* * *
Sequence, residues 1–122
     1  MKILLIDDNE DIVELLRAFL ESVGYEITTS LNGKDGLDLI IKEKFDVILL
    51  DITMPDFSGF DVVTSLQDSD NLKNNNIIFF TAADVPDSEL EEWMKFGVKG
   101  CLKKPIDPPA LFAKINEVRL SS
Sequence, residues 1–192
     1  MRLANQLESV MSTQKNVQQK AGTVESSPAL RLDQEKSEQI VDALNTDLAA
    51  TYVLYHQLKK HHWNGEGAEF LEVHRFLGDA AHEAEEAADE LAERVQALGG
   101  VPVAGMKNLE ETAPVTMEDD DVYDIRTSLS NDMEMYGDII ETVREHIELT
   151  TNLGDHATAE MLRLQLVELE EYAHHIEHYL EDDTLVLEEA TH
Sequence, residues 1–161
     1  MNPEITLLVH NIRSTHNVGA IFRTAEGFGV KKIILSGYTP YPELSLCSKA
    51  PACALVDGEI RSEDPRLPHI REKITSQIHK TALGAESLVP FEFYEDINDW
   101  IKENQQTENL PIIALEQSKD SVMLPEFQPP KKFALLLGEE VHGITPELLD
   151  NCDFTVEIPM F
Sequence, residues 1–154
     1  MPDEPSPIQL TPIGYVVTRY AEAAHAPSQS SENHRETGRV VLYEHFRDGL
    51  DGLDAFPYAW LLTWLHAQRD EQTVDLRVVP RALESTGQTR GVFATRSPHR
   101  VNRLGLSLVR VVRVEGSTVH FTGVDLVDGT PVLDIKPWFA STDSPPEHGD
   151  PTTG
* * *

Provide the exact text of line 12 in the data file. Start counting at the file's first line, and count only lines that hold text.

    51  PACALVDGEI RSEDPRLPHI REKITSQIHK TALGAESLVP FEFYEDINDW